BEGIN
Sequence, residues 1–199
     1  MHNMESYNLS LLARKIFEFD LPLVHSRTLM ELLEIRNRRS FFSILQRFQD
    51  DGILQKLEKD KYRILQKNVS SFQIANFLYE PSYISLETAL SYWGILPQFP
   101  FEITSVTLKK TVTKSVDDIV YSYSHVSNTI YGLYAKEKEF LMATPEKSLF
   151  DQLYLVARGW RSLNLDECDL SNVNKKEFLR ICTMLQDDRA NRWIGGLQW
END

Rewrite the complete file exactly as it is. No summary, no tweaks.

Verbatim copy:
Sequence, residues 1–199
     1  MHNMESYNLS LLARKIFEFD LPLVHSRTLM ELLEIRNRRS FFSILQRFQD
    51  DGILQKLEKD KYRILQKNVS SFQIANFLYE PSYISLETAL SYWGILPQFP
   101  FEITSVTLKK TVTKSVDDIV YSYSHVSNTI YGLYAKEKEF LMATPEKSLF
   151  DQLYLVARGW RSLNLDECDL SNVNKKEFLR ICTMLQDDRA NRWIGGLQW